Natura ignores government pleas to invest in country’s economic growth

Natura ignores government pleas to invest in country’s economic growth

Brazil’s largest manufacturer of cosmetics, Natura, has ignored pleas from President Dilma Rousseff to provide corporate investment to help the Brazilian government jump-start economic growth.

President Dilma Rousseff, whose approval rating is the lowest of any Brazilian president in 15 years, is urging companies to invest at a time when the country’s economy is forecast to show the worst contraction in a quarter century.

“Don’t let uncertainties undermine your vision for Brazil’s future,” Rousseff said at an event for the construction industry in Sao Paulo on March 10. “We’ll make every effort so that we see signs of a recovery by the end of the year. But we need to count on you too.”

Yet leading companies targeted by Rousseff’s campaign such as Natura, Vale SA, the world’s leading producer of iron ore  headquartered in Rio de Janeiro and state-run oil producer Petroleo Brasileiro SA, have all responded by announcing plans to reduce their expenditure and/or investment.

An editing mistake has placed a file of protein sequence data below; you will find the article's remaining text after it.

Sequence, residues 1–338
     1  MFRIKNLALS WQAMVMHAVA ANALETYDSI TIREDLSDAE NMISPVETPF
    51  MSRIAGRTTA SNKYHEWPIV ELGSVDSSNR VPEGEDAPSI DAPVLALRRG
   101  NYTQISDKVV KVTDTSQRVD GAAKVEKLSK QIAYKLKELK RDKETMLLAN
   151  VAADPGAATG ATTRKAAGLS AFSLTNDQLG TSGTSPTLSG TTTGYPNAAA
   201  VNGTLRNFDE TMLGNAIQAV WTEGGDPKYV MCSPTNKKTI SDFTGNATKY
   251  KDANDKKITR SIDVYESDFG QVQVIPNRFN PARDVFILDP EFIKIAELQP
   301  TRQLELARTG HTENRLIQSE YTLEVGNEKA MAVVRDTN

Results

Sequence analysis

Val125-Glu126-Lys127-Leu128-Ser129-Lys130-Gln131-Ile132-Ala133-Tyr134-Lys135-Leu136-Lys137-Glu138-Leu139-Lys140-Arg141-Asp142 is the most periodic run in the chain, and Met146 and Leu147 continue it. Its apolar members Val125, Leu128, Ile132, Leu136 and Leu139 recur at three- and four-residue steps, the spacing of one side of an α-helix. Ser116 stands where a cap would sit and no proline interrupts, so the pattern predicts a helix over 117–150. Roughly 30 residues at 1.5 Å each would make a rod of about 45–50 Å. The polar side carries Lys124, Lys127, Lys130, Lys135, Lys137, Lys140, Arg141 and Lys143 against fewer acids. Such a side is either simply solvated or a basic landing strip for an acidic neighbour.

Natura has said it will invest about 25 percent less in 2015. Natura has invested US$618 million in logistics and technological infrastructure over the last four years but is due to lower capital expenditures to US$119 million in 2015.

Vale SA plans to cut expenditures to a six-year low and Petroleo Brasileiro plans to make the lowest annual investment since 2008 amid a widening corruption probe.

The slowdown in Brazil’s economy is the main reason for reduced investments this year, according a poll of 669 companies conducted by Getulio Vargas Foundation, a Rio de Janeiro-based university and research facility. More than 30 percent of the enterprises surveyed plan to invest less in 2015, compared with 16 percent last year. The share of companies that plan to spend more fell to 27 percent from 34 percent.

Brazil’s industrial production sank to a six year low last year despite the government’s efforts to provide tax breaks for manufacturers. Business confidence plunged to a record low in February amid higher borrowing costs, inflation above the government’s target and the investigation into corruption at Petrobras.

 

 

 

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